U.S. stocks declined, following the biggest weekly drop in 2012 for the Dow Jones Industrial Average, as Greece struggled to form a government amid growing speculation the nation may leave the euro region.
The Standard & Poor’s 500 Index declined 0.8 percent to 1,343.16 at 9:31 a.m. New York time.
“The growing possibility of Greece saying bye bye has put the entire region into the realm of the unknown in terms of the economic ripple effects,” Peter Boockvar, equity strategist at Miller Tabak & Co. in New York, wrote in a note.
Global stocks fell as Greece’s political deadlock went into a second week after President Karolos Papoulias failed to secure agreement on a unity government and avert new elections with the country heading toward a possible exit from the euro area. Greece’s biggest anti-bailout party defied overtures to join the government yesterday, deepening the impasse.
Concern about Europe’s crisis grew as the cost of insuring against a Spanish default jumped to an all-time high. Chancellor Angela Merkel’s party was defeated in Germany’s most populous state in an election that helped the Social Democrats tighten their grip on the country’s regional governments. The result may embolden the Social Democrats as they align with French President-elect Francois Hollande in an anti-austerity front.
As individuals bail out of U.S. stocks at the fastest rate in three decades, professional speculators have cut bearish bets by the most since 2008. Money managers are net short 19,375 contracts on the S&P 500, down 82 percent from a four-year high in September even after the figure jumped from 3,584 last week, data compiled by Bloomberg and the Commodity Futures Trading Commission show.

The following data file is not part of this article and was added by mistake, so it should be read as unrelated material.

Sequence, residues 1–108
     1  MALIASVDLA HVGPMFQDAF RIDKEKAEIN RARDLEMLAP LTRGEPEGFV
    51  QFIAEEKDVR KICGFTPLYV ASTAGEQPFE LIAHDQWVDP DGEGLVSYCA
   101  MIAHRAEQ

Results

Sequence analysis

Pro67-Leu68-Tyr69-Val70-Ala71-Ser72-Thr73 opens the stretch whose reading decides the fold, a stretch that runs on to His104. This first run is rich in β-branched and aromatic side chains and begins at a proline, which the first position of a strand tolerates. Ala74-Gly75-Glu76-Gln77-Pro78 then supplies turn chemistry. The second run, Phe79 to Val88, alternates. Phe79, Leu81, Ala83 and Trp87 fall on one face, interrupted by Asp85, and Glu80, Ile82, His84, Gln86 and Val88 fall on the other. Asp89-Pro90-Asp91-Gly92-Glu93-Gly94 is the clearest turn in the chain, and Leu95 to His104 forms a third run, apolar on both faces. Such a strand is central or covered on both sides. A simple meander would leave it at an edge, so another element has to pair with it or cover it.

U.S. equity mutual funds recorded $18 billion of outflows in April, the most since at least 1984, according to preliminary data from the Investment Company Institute.
Hedge funds and other institutions are speculating the index will extend its 23 percent rally since October after 69 percent of S&P 500 companies beat first-quarter earnings estimates and economists projected accelerating U.S. growth this year. Bears say last week’s addition to bets on declines show short sellers have completed almost all of the buying they are likely to do, depleting demand for equities.
“For the professional side, stocks look pretty compelling,” David Goerz, chief investment officer at Highmark Capital Management Inc., said in a telephone interview from San Francisco on May 9. His firm oversees about $17 billion. “Underlying economic strength is much more resilient than anybody expected it to be this year.”
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